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Cause of aircraft crashes 'too early to tell'

The pilot's family suspects Michael Antinori might have been trying to prove his nerve was intact after the first crash.


© St. Petersburg Times, published June 6, 2002

The pilot's family suspects Michael Antinori might have been trying to prove his nerve was intact after the first crash.

TAMPA -- Before he crashed two aircraft in 10 hours, Michael Antinori had a perfect flying record. That was enough for his grieving family Wednesday to blame mechanical error for his death.

"There are speculations and suspicions about fuel leakage," said John Brewer, an attorney and friend acting as family spokesman.

As aviation investigators carted away the metal pieces of Antinori's Cessna 172 Skyhawk on Wednesday, questions remained about whether the two crashes were a stunning coincidence or something intentional.

"It's too early to tell," said National Transportation Safety Board spokesman Tim Monville.

Antinori, 30, a Tampa native and son of a well-to-do family, crashed his experimental helicopter onto the roof of a house Monday night near Temple Terrace. He escaped with minor injuries, and the occupants were unharmed.

The next morning, Antinori was the only person in his Cessna plane when it smashed into woods near Lutz. Officials said Wednesday his identity was confirmed by dental records.

Brewer said Antinori's family visited him at Tampa General Hospital after Monday's helicopter crash. They said he was not a troubled son.

"Michael had no personal problems," Brewer said. "These are the most unfortunate two incidents."

It could be weeks before investigators know the cause of the fatal crash. They intend to examine flight controls, the engine, fuel records and all systems on the aircraft.

A witness described the plane as plunging at a near-vertical angle, the engine running full bore, Monville said. The plane hit with such force that the engine was buried 2 feet in the ground. Wings were shorn by trees and the tail section ripped away.

After looking at preliminary radar data, investigators said the Cessna circled the intersection of Ehrlich Road and N Dale Mabry Highway from 7:37 to 8:10 a.m at about 2,200 feet. The plane headed northwest, and was lost from radar when it crashed.

There was no two-way communication between air traffic controllers and the pilot. Monville will be looking at the plane's radio to determine what frequency it was on, which will indicate whether the pilot could hear air traffic transmissions.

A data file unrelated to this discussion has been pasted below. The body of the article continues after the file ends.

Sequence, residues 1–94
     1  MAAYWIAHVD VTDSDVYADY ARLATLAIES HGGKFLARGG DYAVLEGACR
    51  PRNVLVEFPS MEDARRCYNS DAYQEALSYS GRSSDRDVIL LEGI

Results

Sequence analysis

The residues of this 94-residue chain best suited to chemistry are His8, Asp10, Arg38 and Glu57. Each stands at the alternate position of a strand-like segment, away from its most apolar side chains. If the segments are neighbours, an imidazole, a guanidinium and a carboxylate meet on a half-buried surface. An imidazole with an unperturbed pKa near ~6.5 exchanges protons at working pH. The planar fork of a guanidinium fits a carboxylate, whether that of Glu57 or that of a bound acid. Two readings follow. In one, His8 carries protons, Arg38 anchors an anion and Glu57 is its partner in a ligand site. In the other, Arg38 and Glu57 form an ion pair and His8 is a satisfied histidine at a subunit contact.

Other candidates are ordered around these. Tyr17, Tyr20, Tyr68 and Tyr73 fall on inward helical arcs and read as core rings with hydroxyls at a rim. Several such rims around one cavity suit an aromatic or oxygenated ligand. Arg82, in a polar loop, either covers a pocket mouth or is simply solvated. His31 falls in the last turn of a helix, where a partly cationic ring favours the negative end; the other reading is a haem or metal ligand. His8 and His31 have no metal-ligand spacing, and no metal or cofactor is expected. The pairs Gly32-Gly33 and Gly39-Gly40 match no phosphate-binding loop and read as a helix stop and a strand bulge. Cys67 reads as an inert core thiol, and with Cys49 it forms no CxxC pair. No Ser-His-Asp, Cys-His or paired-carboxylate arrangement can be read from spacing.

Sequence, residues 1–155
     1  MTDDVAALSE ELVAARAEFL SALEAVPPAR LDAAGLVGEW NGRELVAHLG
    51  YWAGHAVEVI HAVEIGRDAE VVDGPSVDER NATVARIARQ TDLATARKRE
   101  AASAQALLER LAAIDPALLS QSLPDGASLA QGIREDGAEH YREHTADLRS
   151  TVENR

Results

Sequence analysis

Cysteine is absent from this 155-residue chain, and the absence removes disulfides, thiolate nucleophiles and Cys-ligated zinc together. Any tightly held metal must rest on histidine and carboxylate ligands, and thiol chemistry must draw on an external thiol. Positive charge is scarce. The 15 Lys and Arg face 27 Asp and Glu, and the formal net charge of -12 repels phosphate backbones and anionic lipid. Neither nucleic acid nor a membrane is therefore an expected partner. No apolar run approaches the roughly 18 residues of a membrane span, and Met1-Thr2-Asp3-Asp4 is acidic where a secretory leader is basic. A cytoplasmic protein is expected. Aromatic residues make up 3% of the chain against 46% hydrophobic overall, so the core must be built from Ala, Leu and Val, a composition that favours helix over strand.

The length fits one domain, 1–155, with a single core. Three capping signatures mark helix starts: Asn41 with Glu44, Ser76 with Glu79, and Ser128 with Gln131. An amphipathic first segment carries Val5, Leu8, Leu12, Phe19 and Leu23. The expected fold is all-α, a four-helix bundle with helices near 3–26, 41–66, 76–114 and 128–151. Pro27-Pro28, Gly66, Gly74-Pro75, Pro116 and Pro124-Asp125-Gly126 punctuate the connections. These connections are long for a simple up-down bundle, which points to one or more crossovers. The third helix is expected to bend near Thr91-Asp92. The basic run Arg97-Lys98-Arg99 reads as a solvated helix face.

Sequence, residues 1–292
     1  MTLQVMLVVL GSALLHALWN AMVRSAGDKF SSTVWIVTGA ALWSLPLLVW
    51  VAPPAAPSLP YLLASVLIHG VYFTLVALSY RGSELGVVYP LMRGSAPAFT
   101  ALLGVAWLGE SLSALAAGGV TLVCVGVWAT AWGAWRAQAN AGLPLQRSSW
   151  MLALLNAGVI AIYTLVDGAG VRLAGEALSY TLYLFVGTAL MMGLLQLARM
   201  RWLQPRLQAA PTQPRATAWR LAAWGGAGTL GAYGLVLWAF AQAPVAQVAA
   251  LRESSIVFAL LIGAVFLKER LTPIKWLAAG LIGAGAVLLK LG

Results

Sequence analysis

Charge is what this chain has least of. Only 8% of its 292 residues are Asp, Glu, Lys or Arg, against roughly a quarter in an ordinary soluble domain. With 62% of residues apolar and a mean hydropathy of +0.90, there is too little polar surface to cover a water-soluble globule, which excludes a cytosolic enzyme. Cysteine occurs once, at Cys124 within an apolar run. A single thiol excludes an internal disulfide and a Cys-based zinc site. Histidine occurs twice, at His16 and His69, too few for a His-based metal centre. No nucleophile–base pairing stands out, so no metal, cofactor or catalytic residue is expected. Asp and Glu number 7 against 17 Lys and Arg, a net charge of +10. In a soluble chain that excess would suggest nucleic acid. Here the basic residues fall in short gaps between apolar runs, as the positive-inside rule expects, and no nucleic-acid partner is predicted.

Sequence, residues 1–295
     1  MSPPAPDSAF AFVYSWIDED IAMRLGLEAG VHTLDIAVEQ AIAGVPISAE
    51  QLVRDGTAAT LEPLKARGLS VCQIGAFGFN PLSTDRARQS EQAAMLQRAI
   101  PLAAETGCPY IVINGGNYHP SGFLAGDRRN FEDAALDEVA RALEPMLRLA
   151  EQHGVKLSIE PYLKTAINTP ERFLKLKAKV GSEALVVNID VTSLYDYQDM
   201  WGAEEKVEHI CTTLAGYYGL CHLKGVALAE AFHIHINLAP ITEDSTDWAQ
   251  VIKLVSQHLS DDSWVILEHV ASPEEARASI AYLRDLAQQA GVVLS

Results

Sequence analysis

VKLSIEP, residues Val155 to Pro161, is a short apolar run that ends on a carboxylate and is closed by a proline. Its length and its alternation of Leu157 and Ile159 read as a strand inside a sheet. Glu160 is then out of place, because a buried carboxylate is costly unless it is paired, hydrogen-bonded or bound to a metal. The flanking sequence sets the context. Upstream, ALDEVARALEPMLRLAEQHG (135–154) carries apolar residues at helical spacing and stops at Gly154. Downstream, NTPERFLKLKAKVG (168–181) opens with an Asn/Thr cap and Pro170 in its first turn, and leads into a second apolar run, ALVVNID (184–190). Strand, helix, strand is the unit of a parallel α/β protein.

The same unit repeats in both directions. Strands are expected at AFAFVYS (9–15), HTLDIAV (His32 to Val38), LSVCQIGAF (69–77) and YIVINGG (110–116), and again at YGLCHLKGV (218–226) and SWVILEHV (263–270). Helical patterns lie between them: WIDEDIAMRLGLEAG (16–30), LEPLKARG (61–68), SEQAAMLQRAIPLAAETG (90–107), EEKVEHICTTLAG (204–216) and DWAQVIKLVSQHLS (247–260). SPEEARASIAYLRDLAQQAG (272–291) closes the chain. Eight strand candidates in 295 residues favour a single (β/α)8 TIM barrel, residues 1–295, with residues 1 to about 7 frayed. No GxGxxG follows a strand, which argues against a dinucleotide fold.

Antinori had no previous accidents or incidents, according to Federal Aviation Authority records. The agency also had no records that Antinori's Cessna had any mechanical problems, but those reports are made voluntarily by pilots.

Investigators have yet to determine why the helicopter crashed the night before.

The Antinoris own a Brandon bedding company and live in Culbreath Isles, a South Tampa community of million-dollar houses. Antinori is a graduate of Plant High School. He sold a townhouse on Harbour Island in 2000 that apparently was his residence. No records list a more recent address.

His parents, Santino and Lutricia Faye, set up a trust fund for their son four years ago. He owned a race car, a red 1997 Dodge Viper and a white 2001 BMW.

"He was a popular kid," said Robert Mahoney, who attended Plant High School with Antinori.

Test results as to whether Antinori had drugs or alcohol in his system will take about six weeks.

Antinori was arrested last year for DUI. He pleaded no contest to the charge and was sentenced to 12 months' probation and fines.

"He seemed like a very nice young man who had a bright future and a very nice family in Tampa who were very concerned about him," said Thomas Donnelly, the attorney who represented him in the case.

The Antinori family thinks their son climbed into a cockpit just hours after the helicopter crash to prove, perhaps to himself, that his nerve was intact.

"Anyone in aviation knows and understands that once an incident occurs, you have to get back in the air immediately," Brewer said.

-- Kathryn Wexler can be reached at or 226-3383. Staff writers Bill Coats and Bill Levesque contributed to this report.

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